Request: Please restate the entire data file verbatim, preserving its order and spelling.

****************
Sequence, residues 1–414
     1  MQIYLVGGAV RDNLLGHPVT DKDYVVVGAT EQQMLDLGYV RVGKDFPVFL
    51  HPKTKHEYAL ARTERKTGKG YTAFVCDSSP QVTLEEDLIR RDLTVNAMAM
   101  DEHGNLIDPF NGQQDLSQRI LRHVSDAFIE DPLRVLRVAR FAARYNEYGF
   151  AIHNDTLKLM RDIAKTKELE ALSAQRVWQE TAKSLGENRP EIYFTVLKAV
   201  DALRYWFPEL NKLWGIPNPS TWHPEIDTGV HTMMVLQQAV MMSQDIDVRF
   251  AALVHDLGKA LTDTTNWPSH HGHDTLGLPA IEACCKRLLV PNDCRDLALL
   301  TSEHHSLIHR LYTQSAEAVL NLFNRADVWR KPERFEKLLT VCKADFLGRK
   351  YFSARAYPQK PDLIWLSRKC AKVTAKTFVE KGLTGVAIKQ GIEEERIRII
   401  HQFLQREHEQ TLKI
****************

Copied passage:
Sequence, residues 1–414
     1  MQIYLVGGAV RDNLLGHPVT DKDYVVVGAT EQQMLDLGYV RVGKDFPVFL
    51  HPKTKHEYAL ARTERKTGKG YTAFVCDSSP QVTLEEDLIR RDLTVNAMAM
   101  DEHGNLIDPF NGQQDLSQRI LRHVSDAFIE DPLRVLRVAR FAARYNEYGF
   151  AIHNDTLKLM RDIAKTKELE ALSAQRVWQE TAKSLGENRP EIYFTVLKAV
   201  DALRYWFPEL NKLWGIPNPS TWHPEIDTGV HTMMVLQQAV MMSQDIDVRF
   251  AALVHDLGKA LTDTTNWPSH HGHDTLGLPA IEACCKRLLV PNDCRDLALL
   301  TSEHHSLIHR LYTQSAEAVL NLFNRADVWR KPERFEKLLT VCKADFLGRK
   351  YFSARAYPQK PDLIWLSRKC AKVTAKTFVE KGLTGVAIKQ GIEEERIRII
   401  HQFLQREHEQ TLKI